Q: Does this provision apply to every blind or visually impaired child with an IEP?
Q: Does this mean that visually impaired children who might have sufficient vision to read enlarged print or regular print with magnification shall also be provided with Braille instruction and the opportunity to use Braille?
A: That’s right. Unless, of course (as the provision states), an evaluation that takes into consideration the child’s future need for Braille literacy demonstrates that Braille is not appropriate.
Q: So, this evaluation must be pretty important. What is it called?
A: It is extremely important. Many people in the blindness profession have come to refer to it as a learning media assessment. In all instances where Braille instruction is not provided for children covered under this provision, documentation of a learning media assessment (the evaluation) is required. Furthermore, is it critical that a qualified person conduct the assessment. The National Agenda for the Education of Children and Youths with Visual Impairments, including those with Multiple Disabilities, recommends that “All assessments and evaluations of students will be conducted by and/or in partnership with personnel having expertise in the education of students with visual impairments and their parents.” Huebner, Merk-Adam, Stryker, and Wolfe. 2004.
Q: What must the evaluation include?
A: There are many elements in a learning media assessment. The Braille provision specifically requires that the following be addressed: skills in reading and writing, reading and writing needs, and future need for Braille or Braille instruction. The assessment of future needs is important because a number of congenital eye diseases or disorders are degenerative. As we know, the educational system is charged with the responsibility of preparing students for a lifetime of literacy. This provision protects the right of children with visual impairments to be provided with skills in a literacy mode that will also last a lifetime, whatever the prognosis might be for their vision.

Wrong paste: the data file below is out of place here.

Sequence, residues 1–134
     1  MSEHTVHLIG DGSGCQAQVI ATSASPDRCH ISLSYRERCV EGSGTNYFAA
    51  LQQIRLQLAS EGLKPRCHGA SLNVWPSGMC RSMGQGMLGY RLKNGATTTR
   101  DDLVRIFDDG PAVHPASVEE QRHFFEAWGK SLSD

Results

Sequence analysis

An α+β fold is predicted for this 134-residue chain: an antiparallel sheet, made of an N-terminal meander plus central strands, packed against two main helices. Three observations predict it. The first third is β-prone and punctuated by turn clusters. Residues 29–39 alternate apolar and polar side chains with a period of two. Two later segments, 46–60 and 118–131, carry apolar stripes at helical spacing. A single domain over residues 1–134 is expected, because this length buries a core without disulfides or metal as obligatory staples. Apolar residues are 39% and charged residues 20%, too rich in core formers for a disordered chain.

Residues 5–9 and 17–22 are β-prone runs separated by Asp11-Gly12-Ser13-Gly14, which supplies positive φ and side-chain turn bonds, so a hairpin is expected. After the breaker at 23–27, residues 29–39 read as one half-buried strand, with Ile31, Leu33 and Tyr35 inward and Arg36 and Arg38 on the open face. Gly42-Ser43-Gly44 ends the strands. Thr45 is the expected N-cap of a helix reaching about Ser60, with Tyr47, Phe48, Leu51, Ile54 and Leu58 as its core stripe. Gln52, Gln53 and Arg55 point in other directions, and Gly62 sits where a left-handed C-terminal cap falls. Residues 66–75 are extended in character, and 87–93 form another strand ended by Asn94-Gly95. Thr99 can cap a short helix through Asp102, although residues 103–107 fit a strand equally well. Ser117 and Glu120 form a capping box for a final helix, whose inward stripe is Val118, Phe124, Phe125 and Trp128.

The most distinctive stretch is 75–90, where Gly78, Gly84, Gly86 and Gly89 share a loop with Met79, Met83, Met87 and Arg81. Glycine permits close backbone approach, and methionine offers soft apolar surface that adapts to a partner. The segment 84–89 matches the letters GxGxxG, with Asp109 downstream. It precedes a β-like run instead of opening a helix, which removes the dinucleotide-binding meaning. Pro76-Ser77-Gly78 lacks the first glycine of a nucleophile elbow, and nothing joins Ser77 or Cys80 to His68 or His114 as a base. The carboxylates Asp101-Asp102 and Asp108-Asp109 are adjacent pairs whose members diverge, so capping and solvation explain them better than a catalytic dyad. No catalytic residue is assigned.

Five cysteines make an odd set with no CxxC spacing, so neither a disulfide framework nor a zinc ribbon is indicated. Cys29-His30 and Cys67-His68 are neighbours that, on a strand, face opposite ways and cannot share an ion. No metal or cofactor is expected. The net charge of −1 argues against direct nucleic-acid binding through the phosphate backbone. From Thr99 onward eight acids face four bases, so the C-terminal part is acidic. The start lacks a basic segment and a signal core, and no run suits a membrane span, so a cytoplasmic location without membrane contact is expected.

Q: Are there any learning media assessment tools that an LEA can purchase and use for this evaluation?
A: Yes. The Texas School for the Blind, the American Printing House for the Blind (APH), and others have developed learning media assessment tools. Some state departments of education, such as Maryland, have also developed specific guidelines that may be used by IEP teams. Information about resources is included at the end of this brochure.
Q: Some children with blindness or visual impairment also have additional disabilities--such as autism, learning disabilities, developmental delays, cerebral palsy, and so forth. Do learning media assessments need to be conducted for these children? Might these children require Braille instruction?
A: Yes, and yes--to both questions. Literacy is the pathway to maximum independence and life satisfaction for every child that has the capacity to learn, including those at the functional reading level. It may take such children longer to learn to read, and/or require additional supports or individualized strategies, but this only highlights the importance of good assessments.
Q: Once the IEP team has conducted a learning media assessment and made a determination about the appropriateness of print and Braille instruction, does the team need to review or reconsider that decision during the annual IEP review?
A: That depends. If the child is receiving regular and adequate Braille instruction, probably not. However, if the child is not receiving Braille instruction, then it would be appropriate and in keeping with the intent of the Braille provision for the IEP team to discuss and/or reassess the decision annually.
Q: This sounds like a sensible and educationally sound process. Now what about those resources?
The National Agenda for the Education of Children and Youths
with Visual Impairments, Including Those with Multiple Disabilities
Learning Media Assessments
www.lighthouse.org (search term: assessment compendium)
Braille Instructional Materials
American Printing House for the Blind (APH)
American Foundation for the Blind
Braille Too (Grant Wood AEA, Iowa)
Exceptional Teaching Aids, Inc. (Mangold Exclusives)
Texas School for the Blind Publications
www.tsbvi.edu (go to Curriculum Publications)
Informational Materials about Braille
The World Under My Fingers: Personal Reflections on Braille, Second Edition
National Federation of the Blind
The Bridge to Braille: Reading and School Success for the Young
National Organization of Parents of Blind Children
Braille Into the Next Millennium ISBN 0-8444-021-7
National Library Service for the Blind and Physically Handicapped